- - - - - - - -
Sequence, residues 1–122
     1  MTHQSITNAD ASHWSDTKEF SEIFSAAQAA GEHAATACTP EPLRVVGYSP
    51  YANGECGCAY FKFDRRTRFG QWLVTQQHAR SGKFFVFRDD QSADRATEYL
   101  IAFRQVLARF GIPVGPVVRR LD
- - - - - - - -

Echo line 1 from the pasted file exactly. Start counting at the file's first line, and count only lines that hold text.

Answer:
Sequence, residues 1–122